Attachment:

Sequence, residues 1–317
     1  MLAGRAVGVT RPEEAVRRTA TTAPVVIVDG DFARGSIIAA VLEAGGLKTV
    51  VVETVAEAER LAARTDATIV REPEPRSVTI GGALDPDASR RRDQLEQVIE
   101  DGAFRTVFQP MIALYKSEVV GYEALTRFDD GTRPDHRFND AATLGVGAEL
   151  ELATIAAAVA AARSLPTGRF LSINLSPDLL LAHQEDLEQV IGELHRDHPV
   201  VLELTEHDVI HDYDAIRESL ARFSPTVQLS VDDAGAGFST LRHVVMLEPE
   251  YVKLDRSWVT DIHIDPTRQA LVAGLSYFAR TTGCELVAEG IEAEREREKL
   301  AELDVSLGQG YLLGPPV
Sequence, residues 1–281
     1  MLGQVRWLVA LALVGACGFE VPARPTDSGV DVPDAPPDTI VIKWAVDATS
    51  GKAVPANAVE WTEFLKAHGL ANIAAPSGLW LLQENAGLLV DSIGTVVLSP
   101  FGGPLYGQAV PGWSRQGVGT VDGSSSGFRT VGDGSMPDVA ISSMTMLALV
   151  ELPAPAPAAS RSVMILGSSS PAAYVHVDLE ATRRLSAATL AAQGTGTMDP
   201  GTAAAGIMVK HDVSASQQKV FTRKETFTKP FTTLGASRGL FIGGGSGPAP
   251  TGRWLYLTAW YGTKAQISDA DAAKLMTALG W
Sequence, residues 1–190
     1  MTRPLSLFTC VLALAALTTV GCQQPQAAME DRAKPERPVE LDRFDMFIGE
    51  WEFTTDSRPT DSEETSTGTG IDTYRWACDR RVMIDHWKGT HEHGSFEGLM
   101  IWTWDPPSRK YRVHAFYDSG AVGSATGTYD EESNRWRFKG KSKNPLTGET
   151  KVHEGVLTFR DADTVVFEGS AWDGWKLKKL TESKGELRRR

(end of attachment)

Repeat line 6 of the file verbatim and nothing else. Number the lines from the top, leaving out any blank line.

   201  VLELTEHDVI HDYDAIRESL ARFSPTVQLS VDDAGAGFST LRHVVMLEPE